Home TIPS Don’t Believe Old Landlubber Myths About Cruises
Don’t Believe Old Landlubber Myths About Cruises PDF Print E-mail

If you haven't been on a cruise yet, and consider sailing, many thoughts will go through your mind. For the new senior sailor, there are the typical fears we’ve all heard before. Most are just rumors or old wives’ (and old husbands’) tales. To put your mind at ease, let’s look at ‘em. 

1. First timer’s seasickness: This is an old myth that may have been true for passengers in 1620 on the bounding Mayflower. Modern cruise ships, even on rough seas, have stabilizers that regulate the ship movements. You’ll feel about as much shaking as you’d experience in a bus or car on a smooth highway. Actually, you’ll probably find the gentle motions of the ship will lull you to peaceful sleep at night in your comfy cabin.

2. Cruise ships are unclean: They’re at least as clean as any luxury hotel. When on a cruise, you’ll see crew members daily scrubbing all areas of the ship. The news about colds and flu spreading on some cruises are usually because passengers bring them aboard, as happens on airplanes, buses and trains. If you take normal health precautions, your chances of having a healthy cruise are excellent. 3. Too many kids: Some cruise lines, such as Disney, are primarily for families. However, on Disney and all other cruises, there are many areas and activities restricted to adults. They include dining, theater entertainment, late night activities, casinos, as well as certain adult-only pool and spa areas. Of course, when booking, you can specify an adults-only or seniors-only cruise.

4. Dress up formal: This was true several generations ago, when only wealthy people could afford cruises, and dinners required tux and evening gown. Today, casual clothes are welcome for any occasion aboard. However, on some cruises there are dress rules for certain sit-down, semi-formal evening dinners that discourage shorts, sandals and t-shirts.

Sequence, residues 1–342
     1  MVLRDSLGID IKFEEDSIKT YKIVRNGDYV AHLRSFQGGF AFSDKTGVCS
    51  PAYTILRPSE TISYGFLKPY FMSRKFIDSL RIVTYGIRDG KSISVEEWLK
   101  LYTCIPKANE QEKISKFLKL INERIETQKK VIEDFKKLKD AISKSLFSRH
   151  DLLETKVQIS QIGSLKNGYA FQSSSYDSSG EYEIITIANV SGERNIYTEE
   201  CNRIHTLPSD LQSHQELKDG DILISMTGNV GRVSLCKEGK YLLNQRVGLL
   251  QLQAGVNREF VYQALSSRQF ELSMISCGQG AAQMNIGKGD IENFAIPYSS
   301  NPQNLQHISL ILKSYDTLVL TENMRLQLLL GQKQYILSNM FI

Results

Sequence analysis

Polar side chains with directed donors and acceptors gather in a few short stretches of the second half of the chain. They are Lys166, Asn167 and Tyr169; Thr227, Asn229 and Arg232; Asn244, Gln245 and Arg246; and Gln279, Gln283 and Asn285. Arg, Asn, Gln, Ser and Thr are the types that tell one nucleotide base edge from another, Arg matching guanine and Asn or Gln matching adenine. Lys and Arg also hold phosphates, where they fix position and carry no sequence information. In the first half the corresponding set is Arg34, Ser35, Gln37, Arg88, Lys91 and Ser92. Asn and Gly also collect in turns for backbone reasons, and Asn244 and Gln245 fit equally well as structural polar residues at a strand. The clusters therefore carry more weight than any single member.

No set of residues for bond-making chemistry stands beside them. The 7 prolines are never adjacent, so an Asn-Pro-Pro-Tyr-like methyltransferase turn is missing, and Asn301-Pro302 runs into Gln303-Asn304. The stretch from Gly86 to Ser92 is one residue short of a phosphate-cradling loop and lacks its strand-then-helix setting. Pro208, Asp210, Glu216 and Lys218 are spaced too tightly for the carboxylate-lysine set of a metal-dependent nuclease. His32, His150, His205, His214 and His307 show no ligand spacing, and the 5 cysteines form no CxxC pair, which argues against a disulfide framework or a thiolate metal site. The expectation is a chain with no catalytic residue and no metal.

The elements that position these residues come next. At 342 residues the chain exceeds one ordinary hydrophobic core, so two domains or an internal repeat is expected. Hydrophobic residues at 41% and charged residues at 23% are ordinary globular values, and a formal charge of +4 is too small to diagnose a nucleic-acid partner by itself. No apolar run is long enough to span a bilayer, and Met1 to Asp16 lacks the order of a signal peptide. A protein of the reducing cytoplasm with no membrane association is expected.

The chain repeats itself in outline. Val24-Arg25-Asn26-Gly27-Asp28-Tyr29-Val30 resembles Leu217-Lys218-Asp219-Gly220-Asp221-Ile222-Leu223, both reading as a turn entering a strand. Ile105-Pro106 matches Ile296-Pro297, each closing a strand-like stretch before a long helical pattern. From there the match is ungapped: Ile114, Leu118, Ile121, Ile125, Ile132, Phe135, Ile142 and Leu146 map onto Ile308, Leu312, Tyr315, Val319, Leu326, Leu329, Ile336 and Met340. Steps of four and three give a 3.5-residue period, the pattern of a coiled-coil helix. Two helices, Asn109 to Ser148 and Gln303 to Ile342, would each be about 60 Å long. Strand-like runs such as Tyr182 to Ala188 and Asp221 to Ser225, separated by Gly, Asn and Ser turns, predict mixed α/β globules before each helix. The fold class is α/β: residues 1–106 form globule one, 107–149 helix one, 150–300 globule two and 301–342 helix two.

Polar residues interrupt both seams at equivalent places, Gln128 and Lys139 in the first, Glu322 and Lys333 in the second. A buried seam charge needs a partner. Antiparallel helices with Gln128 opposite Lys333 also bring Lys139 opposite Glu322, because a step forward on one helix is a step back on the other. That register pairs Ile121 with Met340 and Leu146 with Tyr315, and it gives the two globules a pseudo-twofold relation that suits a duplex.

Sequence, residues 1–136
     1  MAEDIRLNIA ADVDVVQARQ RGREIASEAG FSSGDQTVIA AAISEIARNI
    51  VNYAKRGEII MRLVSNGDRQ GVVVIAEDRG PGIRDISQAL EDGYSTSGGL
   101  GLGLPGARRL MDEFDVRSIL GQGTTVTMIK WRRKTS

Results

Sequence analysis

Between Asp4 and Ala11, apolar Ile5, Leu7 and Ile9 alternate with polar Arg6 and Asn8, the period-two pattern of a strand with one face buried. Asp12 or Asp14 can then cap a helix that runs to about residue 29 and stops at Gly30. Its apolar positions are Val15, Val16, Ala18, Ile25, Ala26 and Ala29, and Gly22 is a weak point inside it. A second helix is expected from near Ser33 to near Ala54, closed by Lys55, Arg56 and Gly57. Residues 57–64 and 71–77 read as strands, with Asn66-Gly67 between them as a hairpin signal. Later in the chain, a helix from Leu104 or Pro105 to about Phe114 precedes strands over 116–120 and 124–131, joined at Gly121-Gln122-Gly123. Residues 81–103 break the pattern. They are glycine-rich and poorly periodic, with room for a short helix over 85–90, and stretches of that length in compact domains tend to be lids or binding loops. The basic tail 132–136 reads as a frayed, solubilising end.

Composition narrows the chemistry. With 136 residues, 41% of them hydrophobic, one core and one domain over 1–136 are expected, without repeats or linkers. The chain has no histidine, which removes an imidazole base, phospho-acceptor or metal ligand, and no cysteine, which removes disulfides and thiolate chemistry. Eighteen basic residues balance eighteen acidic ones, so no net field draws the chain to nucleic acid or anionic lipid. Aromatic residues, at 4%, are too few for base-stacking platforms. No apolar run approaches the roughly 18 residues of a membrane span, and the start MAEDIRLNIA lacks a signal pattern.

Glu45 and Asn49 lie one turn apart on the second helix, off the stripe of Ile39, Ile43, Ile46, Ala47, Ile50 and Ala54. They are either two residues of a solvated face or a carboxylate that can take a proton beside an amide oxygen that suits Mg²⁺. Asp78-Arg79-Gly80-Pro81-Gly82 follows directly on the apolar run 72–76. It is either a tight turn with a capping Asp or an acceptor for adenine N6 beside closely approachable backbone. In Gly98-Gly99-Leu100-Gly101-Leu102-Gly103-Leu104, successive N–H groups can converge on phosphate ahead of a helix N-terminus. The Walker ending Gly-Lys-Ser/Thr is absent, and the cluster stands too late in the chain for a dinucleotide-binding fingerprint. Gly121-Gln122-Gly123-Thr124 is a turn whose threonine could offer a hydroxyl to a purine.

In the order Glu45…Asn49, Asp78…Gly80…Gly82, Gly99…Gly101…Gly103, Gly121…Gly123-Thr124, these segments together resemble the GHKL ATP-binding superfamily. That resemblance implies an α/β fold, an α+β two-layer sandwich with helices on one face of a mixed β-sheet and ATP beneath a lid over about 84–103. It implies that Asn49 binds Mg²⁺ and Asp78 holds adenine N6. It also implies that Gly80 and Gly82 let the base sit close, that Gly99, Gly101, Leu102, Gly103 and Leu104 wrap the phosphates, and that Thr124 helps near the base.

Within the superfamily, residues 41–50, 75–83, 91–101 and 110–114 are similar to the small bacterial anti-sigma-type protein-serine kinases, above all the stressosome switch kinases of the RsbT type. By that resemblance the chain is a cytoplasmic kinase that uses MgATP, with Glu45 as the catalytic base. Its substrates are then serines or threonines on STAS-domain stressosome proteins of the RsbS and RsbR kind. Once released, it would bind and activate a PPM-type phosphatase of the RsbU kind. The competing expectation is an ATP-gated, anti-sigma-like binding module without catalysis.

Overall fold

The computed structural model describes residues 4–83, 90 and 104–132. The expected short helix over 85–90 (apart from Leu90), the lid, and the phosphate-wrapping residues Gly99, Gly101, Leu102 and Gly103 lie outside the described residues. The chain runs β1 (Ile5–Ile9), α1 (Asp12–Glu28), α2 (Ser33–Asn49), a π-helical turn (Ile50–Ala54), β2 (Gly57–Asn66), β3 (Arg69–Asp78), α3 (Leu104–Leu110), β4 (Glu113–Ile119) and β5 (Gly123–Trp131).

5. Cruises are expensive: Actually they’re vacation bargains, because they’re all inclusive. The typical cruise may cost $100 a day per person. If you book a comparable resort hotel and venture out for similar high-quality meals and Broadway-style entertainment, the daily cost would be at least $200 per person. And hotels don’t offer the changing ocean and port scenery.

6. You feel trapped on a cruise: If you believe there’s nothing to do on a cruise except stare at the ocean, you’re totally wrong. There are fun happenings from early morning until after midnight.

On cruises, besides great food, there’s theater, dancing, spas, pools, miniature golf and midnight food specials. There’s also bingo, casino, carnival rides and a dozen other fun happenings.

If you bring small kids, there are baby-sitting services, as well as many special play areas and a score of activities just for them.

If you haven’t been on a cruise yet, talk to friends and family who’ve sailed lately. You’ll hear very positive tales about their ocean adventures, and be eager to set out on your first adventure on the bounding main.

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